What is Down syndrome?
Down syndrome is a genetic disorder in which, most often, a third copy of chromosome 21 is present in cells because of an abnormal cell division when the egg and sperm first meet. As such, it is not truly a disease or illness that is curable or preventable but rather a lifelong challenge for patient and family to maximize quality of life.
The syndrome is characterized by short stature, a typical flat, broad facial structure, and intellectual disability. Importantly, the extra chromosome material may affect many of the body's organ systems, and congenital heart abnormalities and failure of the gastrointestinal tract to develop properly may require emergent surgery in the first months of life. Screening is often performed for other physical abnormalities like congenital eye cataracts, ear disease, thyroid disorders, and instability of the cervical spine.
What are the characteristic developmental delays in Down syndrome?
The goal for a child with Down syndrome is to live a long, healthy, and productive life. In the early years there can be significant developmental delays in crawling, walking, and speech. This may affect emotional and social growth as well. A team effort involving health care professional and parent is often joined by physical, occupational, and speech therapists to offer opportunities for improvement.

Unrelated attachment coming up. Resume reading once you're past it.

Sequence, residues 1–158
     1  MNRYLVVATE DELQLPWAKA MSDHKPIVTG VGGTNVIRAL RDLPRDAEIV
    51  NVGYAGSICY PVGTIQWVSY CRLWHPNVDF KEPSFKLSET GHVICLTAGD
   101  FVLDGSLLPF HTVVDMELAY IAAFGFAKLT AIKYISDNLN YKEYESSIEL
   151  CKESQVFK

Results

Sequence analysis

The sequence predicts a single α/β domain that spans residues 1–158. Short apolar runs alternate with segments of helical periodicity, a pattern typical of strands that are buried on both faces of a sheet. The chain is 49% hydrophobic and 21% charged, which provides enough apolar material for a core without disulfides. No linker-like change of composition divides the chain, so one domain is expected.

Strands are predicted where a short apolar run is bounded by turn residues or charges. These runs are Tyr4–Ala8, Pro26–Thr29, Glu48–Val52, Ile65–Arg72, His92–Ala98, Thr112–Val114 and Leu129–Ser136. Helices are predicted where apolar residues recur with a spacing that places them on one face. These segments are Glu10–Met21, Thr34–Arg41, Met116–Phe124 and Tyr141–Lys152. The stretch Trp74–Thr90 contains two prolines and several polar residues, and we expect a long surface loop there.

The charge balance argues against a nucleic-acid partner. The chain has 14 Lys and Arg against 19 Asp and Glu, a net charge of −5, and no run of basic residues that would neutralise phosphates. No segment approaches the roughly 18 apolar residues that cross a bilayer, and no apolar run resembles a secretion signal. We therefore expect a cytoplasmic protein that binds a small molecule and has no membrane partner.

The intellectual capabilities of an individual with Down syndrome vary widely, and the ability may be present to function well in high school and beyond. Independent living and employment are goals to increase the quality of life of the patient. While about 25% of infants with Down syndrome die in their first year of life, average life expectancy has increased to 50 years of age. Unfortunately, Alzheimer's dementia may develop after age 40.
Who is at risk for having a baby with Down syndrome?
While mothers who are older have a higher risk of having a child with Down syndrome, the risk is present for women of all ages. Raising the affected child is a lifelong commitment and comes with its own set of emotions from fear and frustration to anger and guilt. In addition to the health care team, there are many support groups available to help families cope with the issues that accompany the challenge and rewards. The goal remains to raise a healthy, productive child who enters mainstream society, succeeds in school and the workplace, and lives either with family or independently.
Medically reviewed by Margaret Walsh, MD; American Board of Pediatrics
"Birth Defects." Centers for Disease Control and Prevention. 15 July 2013.
"Calculation of the risk of Down's syndrome." Wolfson Institute of Preventive Medicine.
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